Monday, February 19, 2018
My take on Pizza
Detroit is a pizza town. When I was very young, pizza was purchased at an Italian bakery or a local bowling alley. And then Little Caesar's appeared. You got Pizza-Pizza, two for one. Later it was Domino's and then Hungry Howie's. The owner of Hungry Howie's belonged to my parish (when I was still a church-goer) and one of my sons worked there while in college. All are local companies.
I remember the opening of a Pizza Hut and Pizzeria Uno in the township - both long gone. Dine in and carry-out, my boys will tell you that we ate a lot of pizza.
But I do enjoy making my own pizza for guests. If I am making my barbecued chicken pizza, I make my own dough or buy it. But when I make my white pizza, I purchase naan flatbread from a west Michigan bakery.
Pizza is relatively easy to make. Pick your base, your sauce and your toppings. I prefer red pepper, mushrooms, caramelized onions, and cheese - ricotta, mozzarella, parmesan, asiago, or whatever might be in the fridge.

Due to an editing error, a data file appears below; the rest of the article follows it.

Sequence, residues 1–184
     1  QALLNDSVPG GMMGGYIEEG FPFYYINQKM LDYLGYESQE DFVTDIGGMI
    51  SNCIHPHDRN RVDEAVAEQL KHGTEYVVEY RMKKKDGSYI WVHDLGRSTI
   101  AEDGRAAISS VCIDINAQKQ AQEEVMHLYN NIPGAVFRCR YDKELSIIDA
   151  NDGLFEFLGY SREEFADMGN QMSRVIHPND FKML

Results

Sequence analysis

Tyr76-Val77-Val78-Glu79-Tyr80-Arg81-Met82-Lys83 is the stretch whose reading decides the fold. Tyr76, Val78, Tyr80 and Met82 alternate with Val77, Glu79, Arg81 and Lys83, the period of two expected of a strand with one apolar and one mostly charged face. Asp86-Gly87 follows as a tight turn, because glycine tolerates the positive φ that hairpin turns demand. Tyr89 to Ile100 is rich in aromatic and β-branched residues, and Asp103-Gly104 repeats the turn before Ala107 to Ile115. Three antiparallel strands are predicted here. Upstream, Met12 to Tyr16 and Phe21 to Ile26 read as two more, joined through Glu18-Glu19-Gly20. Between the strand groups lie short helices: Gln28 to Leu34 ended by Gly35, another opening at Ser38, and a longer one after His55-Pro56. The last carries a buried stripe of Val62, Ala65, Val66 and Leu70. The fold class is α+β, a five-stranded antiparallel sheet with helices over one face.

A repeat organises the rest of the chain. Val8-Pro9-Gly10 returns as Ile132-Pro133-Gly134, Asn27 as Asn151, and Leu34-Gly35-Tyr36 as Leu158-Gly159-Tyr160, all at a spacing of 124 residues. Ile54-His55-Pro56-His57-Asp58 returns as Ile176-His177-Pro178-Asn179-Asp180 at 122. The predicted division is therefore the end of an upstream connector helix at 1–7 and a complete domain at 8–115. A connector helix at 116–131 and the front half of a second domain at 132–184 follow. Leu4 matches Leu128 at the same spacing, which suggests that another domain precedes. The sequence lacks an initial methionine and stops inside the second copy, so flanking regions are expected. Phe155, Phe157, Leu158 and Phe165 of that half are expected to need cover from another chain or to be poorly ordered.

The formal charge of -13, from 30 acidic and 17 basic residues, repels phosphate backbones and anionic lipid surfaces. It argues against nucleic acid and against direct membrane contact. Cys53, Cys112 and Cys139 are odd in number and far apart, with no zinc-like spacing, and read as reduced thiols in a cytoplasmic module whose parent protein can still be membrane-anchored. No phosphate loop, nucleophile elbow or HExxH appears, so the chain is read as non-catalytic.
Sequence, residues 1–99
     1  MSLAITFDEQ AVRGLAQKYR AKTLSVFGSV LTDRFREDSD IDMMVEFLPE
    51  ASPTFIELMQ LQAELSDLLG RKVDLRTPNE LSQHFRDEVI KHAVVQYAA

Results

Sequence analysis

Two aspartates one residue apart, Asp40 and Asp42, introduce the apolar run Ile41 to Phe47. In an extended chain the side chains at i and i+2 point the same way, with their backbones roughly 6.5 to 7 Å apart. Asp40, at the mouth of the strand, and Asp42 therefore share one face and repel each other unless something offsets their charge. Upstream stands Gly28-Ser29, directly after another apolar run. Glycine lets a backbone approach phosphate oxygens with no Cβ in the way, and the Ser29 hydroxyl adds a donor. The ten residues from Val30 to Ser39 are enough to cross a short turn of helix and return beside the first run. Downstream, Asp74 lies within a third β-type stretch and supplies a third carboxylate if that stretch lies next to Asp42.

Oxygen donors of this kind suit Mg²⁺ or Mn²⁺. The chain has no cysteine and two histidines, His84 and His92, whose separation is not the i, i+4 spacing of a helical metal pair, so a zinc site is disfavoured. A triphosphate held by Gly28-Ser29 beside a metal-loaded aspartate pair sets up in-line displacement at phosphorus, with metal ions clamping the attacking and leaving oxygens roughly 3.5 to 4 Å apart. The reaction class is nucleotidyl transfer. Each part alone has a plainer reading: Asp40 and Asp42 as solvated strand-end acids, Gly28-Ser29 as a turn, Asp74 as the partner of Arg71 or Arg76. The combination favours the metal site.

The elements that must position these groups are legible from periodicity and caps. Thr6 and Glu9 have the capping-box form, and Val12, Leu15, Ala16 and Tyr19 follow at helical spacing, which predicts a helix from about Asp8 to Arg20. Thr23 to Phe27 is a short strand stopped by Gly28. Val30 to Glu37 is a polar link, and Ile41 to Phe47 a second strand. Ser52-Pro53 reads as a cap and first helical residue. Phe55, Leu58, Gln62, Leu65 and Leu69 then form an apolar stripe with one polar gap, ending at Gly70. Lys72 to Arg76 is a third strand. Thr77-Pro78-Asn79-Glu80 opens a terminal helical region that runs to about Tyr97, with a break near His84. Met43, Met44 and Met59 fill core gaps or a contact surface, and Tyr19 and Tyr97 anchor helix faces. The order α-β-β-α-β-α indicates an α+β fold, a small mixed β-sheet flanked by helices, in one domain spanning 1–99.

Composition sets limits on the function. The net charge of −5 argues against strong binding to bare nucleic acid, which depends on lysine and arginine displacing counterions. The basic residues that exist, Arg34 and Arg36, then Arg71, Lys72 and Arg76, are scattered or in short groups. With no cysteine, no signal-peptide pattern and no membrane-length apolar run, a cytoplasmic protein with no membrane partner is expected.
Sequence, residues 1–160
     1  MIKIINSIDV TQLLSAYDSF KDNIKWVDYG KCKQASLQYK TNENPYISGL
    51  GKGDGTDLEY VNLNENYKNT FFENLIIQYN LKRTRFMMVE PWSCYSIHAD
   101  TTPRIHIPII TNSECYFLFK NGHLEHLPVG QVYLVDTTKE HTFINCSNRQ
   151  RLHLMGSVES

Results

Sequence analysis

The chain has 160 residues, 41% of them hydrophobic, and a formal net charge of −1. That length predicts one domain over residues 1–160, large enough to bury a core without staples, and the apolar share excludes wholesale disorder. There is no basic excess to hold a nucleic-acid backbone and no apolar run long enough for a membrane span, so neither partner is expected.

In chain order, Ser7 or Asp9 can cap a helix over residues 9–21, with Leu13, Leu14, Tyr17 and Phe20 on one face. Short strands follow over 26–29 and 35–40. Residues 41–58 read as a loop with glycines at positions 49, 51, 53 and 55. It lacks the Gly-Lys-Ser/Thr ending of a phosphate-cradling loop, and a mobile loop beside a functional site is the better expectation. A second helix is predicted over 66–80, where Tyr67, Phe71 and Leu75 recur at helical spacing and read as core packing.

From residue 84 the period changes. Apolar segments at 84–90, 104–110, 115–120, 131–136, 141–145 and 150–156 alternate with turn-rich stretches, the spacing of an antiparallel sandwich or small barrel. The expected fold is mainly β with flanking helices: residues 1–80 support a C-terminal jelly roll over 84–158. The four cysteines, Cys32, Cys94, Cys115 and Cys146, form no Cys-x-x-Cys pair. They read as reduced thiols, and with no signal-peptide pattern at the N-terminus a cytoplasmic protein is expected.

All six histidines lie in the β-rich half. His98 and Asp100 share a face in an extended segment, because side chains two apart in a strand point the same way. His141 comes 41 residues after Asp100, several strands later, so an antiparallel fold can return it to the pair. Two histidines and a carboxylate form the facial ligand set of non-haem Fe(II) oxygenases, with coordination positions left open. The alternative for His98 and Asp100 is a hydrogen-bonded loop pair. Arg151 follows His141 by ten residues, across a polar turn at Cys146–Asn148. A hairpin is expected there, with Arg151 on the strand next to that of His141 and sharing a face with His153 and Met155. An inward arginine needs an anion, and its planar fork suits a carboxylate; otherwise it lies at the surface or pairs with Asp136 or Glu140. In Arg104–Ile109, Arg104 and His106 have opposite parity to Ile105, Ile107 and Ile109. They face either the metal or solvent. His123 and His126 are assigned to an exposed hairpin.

The pizza pictured above was actually one from my Blue Apron meals. And here is another from BA, a calzone:
When I make my own at home, I prefer no red sauce and no meat. Here is my recipe for roasted garlic bechamel...
1 head of garlic, just a small one of 2 inches or so
1 1/4 cups milk
1 tbsp flour - preferably cake flour if you have it
1 tbsp butter
1 ounce fine diced onions
Clarified butter, about 4 tbsp
Cut off the head of the garlic. Sprinkle with salt, pepper, and a little olive oil. Wrap in foil and roast at 375F for about one hour. Cool and squeeze garlic paste into small bowl.
Clarify the butter by warming and pouring off solids. It does not need to be perfect. Pour it over the onions and cook on the stove until onions soften. Drain and set aside.
Make the roux by melting the tablespoon of butter and then whisking in the flour. Cook for about one minute. Scald the milk and then add to the roux while whisking, bring to a boil while whisking until smooth. Lower the heat. Add the onions and the garlic. Simmer for 30 minutes.
Adjust to taste with salt, pepper and nutmeg. Strain out the solids. Use on dough for pizza.
Recipe can be easily doubled, or even quadrupled.